A Step Ahead
During her first year as a Bates runner, Isabel Alexander ’09 always sprinted clear of her teammates. Usually that’s a sign of great talent. But Alexander was doing it during warmups.
Apparently unaware of the potential for showing up her teammates, Alexander seemed to have just one speed — top.
Running ahead during warmups is “usually something that might really annoy your teammates,” says head coach Jay Hartshorn. “But she would get away with it because she’s so sweet and nice and fun and caring. People sort of said, ‘Oh, that’s just Izzy.’”
Heading into the outdoor season, Alexander is already one of the best female runners in Bates history. Her athletic résumé includes three All-America honors in three events — the indoor distance medley relay, the indoor 800-meter run, and the outdoor 400-meter hurdles — as well as two NESCAC championships, four New England Division III titles, and last year’s Bates Female Athlete of the Year award.
“She’s different from anyone I’ve ever coached,” says Hartshorn. Alexander’s laid-back persona masks incredible intensity that’s “only obvious in that she never misses a practice, and she’s the first one there and the last to leave. When I go home for the night I have to tell her, ‘OK, track’s over.’”
As a first-year, Alexander had a teammate who was a role model in terms of work ethic: Keelin Godsey ’06, the Bates thrower nonpareil who won 16 All-America awards and two NCAA titles.
“I think he’s the toughest person I’ve ever met,” Alexander says. “Just knowing how much he practiced, how hard he worked, how good he was. He’s definitely a good person to look to if you want a great athlete in all senses of the word.”
Alexander’s name now dots the team’s record books, too: six indoor marks and three outdoor marks bear her name, and she’s among the top five on Bates’ all-time performance lists in eight other events. She doesn’t exactly bask in her achievements, however.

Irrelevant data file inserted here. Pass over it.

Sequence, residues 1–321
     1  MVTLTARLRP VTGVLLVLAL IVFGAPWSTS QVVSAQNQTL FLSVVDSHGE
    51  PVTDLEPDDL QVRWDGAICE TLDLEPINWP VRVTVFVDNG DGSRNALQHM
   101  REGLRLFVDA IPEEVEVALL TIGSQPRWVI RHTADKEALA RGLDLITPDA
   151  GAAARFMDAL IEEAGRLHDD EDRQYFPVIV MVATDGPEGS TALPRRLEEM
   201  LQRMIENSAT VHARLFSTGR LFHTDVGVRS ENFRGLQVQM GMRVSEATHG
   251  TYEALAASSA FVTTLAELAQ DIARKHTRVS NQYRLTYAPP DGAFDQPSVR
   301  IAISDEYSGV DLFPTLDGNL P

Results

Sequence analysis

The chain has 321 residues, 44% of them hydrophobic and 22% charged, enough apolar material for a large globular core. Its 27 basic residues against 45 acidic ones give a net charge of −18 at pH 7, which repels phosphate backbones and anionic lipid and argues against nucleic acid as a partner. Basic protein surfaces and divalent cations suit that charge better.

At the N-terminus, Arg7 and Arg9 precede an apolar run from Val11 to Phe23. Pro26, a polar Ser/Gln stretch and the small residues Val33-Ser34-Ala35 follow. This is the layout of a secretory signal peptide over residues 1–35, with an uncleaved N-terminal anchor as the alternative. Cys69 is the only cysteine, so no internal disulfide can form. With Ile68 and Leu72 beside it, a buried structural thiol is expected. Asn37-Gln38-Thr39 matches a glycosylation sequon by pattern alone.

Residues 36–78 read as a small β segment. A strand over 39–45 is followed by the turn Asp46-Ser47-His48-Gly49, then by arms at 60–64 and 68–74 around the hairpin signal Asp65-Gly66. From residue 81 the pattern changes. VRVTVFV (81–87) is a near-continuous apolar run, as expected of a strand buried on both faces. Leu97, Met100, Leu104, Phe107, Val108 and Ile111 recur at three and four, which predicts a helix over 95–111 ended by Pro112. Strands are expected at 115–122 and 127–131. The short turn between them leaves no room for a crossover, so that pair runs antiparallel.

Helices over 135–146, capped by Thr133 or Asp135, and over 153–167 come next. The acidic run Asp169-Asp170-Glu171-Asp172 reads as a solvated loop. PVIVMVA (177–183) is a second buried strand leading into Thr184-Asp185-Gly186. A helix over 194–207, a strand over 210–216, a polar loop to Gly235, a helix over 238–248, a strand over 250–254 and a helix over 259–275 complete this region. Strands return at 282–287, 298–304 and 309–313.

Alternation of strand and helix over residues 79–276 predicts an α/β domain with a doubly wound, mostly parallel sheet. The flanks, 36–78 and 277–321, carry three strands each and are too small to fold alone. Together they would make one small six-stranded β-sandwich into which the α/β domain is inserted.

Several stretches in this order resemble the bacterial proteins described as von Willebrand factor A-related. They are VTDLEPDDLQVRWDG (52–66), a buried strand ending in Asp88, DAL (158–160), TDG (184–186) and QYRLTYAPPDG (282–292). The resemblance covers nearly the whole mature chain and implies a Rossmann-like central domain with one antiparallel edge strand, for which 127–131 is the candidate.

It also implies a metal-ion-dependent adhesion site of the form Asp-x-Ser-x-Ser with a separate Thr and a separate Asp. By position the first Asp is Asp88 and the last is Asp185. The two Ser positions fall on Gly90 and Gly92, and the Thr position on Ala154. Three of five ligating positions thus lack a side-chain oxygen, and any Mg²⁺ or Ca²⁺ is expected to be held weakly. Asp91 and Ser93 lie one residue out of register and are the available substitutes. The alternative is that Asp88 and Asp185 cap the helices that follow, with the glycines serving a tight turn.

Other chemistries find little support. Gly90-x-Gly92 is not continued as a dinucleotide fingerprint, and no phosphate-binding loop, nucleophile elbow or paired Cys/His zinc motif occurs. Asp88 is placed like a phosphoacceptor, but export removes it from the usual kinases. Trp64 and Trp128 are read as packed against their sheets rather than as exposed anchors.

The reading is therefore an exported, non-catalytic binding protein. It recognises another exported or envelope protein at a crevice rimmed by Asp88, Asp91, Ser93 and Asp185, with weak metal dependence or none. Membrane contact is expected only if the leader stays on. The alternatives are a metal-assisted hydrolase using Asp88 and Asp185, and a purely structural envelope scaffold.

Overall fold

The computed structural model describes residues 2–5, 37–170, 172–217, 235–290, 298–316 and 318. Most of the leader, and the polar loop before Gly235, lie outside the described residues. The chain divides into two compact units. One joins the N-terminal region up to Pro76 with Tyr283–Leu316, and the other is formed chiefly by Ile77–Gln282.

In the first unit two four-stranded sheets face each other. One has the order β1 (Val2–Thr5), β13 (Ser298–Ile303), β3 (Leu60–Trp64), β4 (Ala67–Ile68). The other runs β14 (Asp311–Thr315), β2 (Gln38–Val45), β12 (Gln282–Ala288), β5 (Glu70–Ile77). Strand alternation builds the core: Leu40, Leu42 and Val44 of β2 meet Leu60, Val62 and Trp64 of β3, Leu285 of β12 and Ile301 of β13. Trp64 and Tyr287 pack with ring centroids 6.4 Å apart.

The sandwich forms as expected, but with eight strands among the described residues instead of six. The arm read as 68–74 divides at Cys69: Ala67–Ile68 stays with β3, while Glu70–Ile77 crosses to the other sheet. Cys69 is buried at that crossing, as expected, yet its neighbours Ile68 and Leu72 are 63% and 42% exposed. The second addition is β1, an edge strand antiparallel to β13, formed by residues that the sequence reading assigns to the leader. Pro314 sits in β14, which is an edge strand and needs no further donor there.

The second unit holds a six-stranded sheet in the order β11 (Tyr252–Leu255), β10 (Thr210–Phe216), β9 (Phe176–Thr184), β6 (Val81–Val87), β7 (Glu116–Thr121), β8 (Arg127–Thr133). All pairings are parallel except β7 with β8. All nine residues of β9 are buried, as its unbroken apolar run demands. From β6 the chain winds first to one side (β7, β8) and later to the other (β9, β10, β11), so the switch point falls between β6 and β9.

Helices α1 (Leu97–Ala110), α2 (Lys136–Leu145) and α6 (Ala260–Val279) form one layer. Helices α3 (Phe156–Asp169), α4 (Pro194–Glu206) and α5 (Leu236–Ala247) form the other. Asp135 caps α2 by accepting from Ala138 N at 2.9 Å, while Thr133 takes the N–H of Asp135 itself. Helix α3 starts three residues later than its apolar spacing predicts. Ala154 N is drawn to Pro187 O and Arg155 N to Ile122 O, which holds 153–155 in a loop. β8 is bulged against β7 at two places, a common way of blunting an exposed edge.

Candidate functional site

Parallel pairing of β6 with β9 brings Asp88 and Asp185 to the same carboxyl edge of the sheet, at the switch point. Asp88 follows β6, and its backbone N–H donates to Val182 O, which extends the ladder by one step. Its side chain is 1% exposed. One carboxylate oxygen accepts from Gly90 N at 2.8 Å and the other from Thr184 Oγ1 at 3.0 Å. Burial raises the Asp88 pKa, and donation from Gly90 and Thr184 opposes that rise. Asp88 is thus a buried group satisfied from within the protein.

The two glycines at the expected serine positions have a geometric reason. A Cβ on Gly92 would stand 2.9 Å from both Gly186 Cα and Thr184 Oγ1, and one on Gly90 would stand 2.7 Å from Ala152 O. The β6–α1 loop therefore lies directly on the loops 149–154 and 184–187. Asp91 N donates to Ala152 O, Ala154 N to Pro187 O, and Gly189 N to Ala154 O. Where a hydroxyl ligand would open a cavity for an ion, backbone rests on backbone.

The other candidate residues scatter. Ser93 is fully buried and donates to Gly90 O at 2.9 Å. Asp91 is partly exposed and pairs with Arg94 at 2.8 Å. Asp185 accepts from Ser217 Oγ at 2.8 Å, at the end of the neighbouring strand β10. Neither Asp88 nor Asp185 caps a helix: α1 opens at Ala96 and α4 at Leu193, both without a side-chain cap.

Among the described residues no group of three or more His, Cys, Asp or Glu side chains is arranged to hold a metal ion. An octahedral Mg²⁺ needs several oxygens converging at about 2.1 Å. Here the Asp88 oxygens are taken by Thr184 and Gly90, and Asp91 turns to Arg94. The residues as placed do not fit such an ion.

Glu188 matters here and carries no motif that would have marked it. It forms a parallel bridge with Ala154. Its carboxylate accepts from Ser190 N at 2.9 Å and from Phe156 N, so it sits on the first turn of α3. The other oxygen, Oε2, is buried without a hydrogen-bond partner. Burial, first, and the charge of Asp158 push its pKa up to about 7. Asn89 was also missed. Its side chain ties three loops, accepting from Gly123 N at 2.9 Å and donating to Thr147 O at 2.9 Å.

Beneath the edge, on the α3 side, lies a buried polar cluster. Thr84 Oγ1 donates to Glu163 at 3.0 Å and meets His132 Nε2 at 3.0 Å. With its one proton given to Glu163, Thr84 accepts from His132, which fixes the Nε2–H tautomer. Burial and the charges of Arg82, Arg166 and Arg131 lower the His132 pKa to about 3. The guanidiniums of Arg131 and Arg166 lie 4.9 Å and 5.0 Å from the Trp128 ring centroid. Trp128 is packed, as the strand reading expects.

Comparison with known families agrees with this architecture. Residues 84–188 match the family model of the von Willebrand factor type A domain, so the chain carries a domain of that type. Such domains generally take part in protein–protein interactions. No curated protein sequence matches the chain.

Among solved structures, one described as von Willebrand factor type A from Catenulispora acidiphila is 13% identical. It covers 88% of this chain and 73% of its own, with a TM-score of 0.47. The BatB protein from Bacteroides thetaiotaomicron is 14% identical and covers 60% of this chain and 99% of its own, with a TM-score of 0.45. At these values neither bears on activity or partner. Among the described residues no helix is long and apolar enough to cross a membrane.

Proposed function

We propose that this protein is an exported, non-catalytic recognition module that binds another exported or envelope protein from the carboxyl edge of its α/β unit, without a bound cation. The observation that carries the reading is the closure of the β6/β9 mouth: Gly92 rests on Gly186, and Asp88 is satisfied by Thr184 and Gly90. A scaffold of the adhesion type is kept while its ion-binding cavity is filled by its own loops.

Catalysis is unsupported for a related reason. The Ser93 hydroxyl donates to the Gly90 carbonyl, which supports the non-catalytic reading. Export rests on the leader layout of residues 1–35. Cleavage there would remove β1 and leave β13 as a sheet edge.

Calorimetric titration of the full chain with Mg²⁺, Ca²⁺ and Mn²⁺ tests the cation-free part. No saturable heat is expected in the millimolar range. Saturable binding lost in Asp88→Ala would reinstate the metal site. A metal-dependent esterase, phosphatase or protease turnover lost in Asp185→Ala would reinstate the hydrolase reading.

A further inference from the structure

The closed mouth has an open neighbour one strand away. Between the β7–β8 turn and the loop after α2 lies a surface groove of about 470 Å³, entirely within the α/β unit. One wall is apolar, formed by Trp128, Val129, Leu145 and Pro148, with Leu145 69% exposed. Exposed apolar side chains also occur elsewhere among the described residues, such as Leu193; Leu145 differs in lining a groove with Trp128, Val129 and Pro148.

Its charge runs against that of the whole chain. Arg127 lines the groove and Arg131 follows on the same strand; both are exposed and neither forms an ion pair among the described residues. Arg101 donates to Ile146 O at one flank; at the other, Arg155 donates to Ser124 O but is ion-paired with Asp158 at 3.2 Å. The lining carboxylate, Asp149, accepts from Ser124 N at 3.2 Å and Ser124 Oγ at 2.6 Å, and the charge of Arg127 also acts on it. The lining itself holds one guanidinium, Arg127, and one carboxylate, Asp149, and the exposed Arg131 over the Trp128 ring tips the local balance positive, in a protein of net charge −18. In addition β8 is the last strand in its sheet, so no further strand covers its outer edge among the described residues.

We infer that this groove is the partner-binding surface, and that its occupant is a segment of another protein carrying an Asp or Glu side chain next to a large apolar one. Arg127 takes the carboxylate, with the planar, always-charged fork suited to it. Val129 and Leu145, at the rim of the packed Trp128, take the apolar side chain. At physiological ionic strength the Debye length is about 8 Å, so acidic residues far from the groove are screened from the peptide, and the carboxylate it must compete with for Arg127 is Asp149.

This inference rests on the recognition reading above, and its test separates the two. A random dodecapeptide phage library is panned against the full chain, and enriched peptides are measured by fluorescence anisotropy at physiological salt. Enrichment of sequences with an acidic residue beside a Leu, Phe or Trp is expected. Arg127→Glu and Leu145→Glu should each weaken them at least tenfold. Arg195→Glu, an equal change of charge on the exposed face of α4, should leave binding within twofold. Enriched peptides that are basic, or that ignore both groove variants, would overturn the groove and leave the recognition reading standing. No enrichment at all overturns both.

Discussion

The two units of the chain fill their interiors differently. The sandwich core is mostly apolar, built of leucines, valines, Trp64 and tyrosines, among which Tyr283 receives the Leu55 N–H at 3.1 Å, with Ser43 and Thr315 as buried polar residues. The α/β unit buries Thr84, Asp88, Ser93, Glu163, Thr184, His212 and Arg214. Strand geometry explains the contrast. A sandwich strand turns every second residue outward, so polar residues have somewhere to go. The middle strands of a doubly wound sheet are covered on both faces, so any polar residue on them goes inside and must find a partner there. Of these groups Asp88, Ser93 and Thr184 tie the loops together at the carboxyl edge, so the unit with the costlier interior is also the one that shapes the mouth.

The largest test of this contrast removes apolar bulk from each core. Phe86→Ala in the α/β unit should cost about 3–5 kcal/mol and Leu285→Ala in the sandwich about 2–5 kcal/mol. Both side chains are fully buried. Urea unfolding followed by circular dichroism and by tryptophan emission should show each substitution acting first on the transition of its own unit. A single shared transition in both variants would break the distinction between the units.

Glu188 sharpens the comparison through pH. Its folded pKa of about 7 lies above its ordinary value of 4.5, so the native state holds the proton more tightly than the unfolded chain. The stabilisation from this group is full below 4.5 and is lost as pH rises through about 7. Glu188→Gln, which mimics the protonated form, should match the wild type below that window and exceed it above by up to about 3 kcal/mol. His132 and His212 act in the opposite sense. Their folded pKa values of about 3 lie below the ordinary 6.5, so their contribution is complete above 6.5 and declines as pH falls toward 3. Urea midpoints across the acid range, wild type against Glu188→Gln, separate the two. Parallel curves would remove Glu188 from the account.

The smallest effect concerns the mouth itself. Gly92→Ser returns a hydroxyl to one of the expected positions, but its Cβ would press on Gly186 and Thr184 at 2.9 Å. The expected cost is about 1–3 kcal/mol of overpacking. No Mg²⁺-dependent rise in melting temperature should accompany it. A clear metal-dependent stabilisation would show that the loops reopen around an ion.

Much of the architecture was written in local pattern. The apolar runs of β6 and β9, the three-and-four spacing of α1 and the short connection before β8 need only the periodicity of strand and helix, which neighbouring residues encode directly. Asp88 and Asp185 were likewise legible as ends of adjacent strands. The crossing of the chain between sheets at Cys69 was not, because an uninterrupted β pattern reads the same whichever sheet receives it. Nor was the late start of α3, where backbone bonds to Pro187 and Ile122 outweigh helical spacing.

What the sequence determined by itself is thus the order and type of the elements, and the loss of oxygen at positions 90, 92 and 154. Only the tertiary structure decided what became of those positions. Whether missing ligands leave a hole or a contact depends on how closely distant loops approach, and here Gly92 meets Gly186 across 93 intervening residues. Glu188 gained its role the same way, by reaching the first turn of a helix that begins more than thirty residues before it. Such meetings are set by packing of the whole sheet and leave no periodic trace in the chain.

For example, as a sophomore competing at the NCAA Outdoor Championships, she was one of nine athletes to make the finals of the 400-meter hurdles. The top eight would earn coveted All-America honors, but Alexander finished dead last. Yet this race is one of Alexander’s best memories.
“Some of my favorite races, in retrospect, have been the bad ones,” she says. “Having to walk away as that one person not up on the podium was special, in a way, because then there’s that extra motivation: I don’t want to be that last person again.”
Even when she established herself as an elite Division III athlete in some events (like the 400 hurdles and the 800), it didn’t change her desire to compete in events less suited to her, such as the shot put in the heptathlon or running cross country all four years. “I think it’s important to try and do things that you’re not as good at,” she says. “Dealing with frustrations not only keeps you humble, but I think it makes you more of a complete athlete and person.”
So it’s no surprise, then, that Alexander seems to be “plugged into everything” at Bates, says Kevin McHugh, director of athletics. With men’s soccer and lacrosse player Nate Kellogg ’09, Alexander coordinated the first Bates Field Day last spring, a much-hailed event that brought together an estimated 200 local children to campus for a day of serious game-playing with about 100 Bates student-athletes.
“Izzy has been really focused in terms of getting other athletes involved in community service,” McHugh says. “She seems to have the inherent feeling that that’s an obligation as student-athletes and people.”
The second of four children of Matthew and Pamela Alexander of Harvard, Mass., Alexander is a double major in Spanish and psychology with a 3.7-plus GPA. Like her classmates, she will be thrust into the real world come Commencement on May 31. But at the moment she admits to being preoccupied with track, not the future. “I’ve been having such a good time with this, and I have such a passion for the sport. Maybe it’s an underlying obsession, I don’t know.”
She has even bought into Hartshorn’s advice that going all out all the time, like during those warmups, isn’t always the most pragmatic approach, not only because of the risk of injury but because she wants to be a great teammate, too.
“I think we’re a good team, a good group of people,” she says. “I can’t think of anything else I’d rather be doing than what I’m doing with these people.”
Alexander pauses, perhaps trying to remember a day when she didn’t want to be on a track. She remembers last year’s first outdoor meet at Tufts, when wind chills hovered around 20 degrees, and “they were scraping ice off the pits for the steeplechase.”
Giving herself a reality check, she remembers that day, and others. “I ask myself: ‘Is there anywhere in the world that I’d rather be, or something else that I’d rather be doing right now?’ The answer has always been, ‘No.’”
By Andy Walter, photograph By Phyllis Graber Jensen